In this week's podcast we take a closer look at why freedom of the press is important for a healthy democracy and what is being done to advocate for wrongfully imprisoned journalists worldwide.
This week we speak to:
Alex Miller, global head of content, VICE
Peter Greste, journalist, Al Jazeera
Mohamed Fahmy, former Al Jazeera English bureau chief
From mobile video to podcasts and virtual reality, numerous trends shaped the media industry in 2015 and many of them are here to stay.
So what are the skills journalists should develop, or acquire in 2016, and how can they can get a head start in the process?
Our guests this week are:
Damian Radcliffe, Carolyn S. Chambers professor in journalism at University of Oregon
Martin Stabe, head of interactive news, Financial Times
Lisa Pollack, head of new projects, Financial Times
Eric Athas, editorial training manager, NPR
Data journalism is still seen to a certain extent as a specialism, the exclusive expertise of a handful of people in the newsroom, if any have the skills at all.
But in the digital era, newsrooms should be looking to data journalism as one of the skills that will become essential within the next decade. What can your organisation, regardless of its size, do to get up to speed?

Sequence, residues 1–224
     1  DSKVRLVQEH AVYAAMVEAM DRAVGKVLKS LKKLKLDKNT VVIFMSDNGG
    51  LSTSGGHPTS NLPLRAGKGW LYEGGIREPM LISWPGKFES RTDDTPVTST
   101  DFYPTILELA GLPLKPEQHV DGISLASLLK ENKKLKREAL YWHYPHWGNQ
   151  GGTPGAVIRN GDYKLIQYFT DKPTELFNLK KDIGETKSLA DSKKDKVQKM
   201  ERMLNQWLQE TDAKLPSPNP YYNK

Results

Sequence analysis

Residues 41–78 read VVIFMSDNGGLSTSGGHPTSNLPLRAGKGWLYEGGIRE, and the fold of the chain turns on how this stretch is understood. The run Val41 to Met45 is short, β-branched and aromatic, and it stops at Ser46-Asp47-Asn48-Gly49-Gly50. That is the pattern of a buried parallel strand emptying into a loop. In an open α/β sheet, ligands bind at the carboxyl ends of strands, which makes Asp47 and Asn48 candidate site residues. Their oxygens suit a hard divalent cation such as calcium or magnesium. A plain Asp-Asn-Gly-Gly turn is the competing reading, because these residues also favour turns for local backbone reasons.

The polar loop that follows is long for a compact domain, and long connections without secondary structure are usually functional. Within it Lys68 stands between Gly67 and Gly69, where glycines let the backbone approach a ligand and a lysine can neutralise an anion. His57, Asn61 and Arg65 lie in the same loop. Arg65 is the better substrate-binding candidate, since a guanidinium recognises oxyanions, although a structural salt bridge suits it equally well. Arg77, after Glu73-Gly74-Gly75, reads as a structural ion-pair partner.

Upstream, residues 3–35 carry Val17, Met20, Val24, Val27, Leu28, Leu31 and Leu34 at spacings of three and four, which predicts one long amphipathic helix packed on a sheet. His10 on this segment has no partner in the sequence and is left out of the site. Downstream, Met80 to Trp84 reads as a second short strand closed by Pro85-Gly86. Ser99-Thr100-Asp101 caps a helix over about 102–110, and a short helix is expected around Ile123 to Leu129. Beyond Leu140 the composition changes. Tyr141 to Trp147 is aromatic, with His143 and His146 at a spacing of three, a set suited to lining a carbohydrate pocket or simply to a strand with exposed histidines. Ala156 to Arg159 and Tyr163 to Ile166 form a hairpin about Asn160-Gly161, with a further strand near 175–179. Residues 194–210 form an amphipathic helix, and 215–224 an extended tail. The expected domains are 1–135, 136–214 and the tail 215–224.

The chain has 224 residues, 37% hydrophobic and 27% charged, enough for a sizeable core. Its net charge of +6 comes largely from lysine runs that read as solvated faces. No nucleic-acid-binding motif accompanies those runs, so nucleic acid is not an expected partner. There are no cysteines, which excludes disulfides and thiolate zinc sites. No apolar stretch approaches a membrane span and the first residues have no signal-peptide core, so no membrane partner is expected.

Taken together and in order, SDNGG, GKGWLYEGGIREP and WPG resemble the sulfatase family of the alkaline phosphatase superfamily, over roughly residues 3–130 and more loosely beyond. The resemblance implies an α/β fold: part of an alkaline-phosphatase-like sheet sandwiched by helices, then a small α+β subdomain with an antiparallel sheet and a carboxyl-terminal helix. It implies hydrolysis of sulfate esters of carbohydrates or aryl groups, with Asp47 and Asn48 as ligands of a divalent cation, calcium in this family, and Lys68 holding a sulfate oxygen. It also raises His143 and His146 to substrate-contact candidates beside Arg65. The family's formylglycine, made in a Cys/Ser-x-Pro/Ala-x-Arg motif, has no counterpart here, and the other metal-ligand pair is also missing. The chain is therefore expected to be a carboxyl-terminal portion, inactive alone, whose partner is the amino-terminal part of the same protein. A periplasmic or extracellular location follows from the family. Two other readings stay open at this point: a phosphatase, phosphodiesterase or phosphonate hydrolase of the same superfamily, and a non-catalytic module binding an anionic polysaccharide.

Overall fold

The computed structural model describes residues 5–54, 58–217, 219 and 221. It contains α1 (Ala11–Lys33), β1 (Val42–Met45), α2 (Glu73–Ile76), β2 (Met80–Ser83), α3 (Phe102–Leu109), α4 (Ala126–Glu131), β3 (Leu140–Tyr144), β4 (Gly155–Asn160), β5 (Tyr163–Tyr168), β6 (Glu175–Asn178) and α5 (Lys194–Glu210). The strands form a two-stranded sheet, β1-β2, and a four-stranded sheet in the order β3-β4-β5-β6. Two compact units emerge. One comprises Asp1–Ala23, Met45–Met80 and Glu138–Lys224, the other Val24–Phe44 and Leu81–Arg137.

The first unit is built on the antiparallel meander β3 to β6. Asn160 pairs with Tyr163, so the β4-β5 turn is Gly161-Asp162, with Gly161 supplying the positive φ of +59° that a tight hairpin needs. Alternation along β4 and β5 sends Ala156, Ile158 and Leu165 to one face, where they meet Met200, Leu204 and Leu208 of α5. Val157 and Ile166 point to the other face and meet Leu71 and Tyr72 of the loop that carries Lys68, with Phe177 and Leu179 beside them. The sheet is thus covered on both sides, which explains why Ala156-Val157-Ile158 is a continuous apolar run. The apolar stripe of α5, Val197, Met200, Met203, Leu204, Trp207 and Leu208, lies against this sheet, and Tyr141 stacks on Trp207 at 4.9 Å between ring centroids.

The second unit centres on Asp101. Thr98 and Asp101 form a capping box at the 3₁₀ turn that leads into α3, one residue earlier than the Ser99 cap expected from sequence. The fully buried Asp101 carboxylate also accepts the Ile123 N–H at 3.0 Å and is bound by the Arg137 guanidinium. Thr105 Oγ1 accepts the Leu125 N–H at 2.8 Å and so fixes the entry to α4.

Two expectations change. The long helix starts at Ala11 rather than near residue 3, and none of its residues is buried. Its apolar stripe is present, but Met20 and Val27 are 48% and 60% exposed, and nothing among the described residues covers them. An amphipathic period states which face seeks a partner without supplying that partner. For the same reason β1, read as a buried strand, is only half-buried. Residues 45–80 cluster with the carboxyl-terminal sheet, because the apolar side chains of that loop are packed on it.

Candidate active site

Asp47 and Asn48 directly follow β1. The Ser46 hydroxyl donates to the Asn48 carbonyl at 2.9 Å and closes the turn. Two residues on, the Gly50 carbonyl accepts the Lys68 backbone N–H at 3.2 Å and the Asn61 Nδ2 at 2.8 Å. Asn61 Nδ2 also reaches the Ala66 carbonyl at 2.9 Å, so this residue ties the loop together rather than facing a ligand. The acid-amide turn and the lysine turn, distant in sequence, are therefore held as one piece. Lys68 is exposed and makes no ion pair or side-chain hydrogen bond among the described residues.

Image by walkingsf on Flickr.
There's a lot of talk about a revival in podcasts but radio never really went away, it just found new channels. The spoken word has always been the most popular form of imparting information, so what makes a good radio journalist?
In this week's podcast, Alastair Reid gets advice from:
- Guy Raz, host and correspondent, NPR
- Nick Garnett, reporter, BBC Radio 5 Live
BC, one of Global's radio brands, is 44 years old. In March, it reached 126 million people across Facebook and Twitter and gathered 18 million video views on social media.
Why do people come to LBC to listen, share and comment, particularly on a platform where we tend to scroll through our feeds and watch videos with the sound turned off?
In this week's episode, we talk to Steve Wilson-Beales, Global's head of editorial, about LBC's strategy for producing and sharing audio on social platforms, and what they've learned about audio shareability from an intense period of experimentation earlier this year.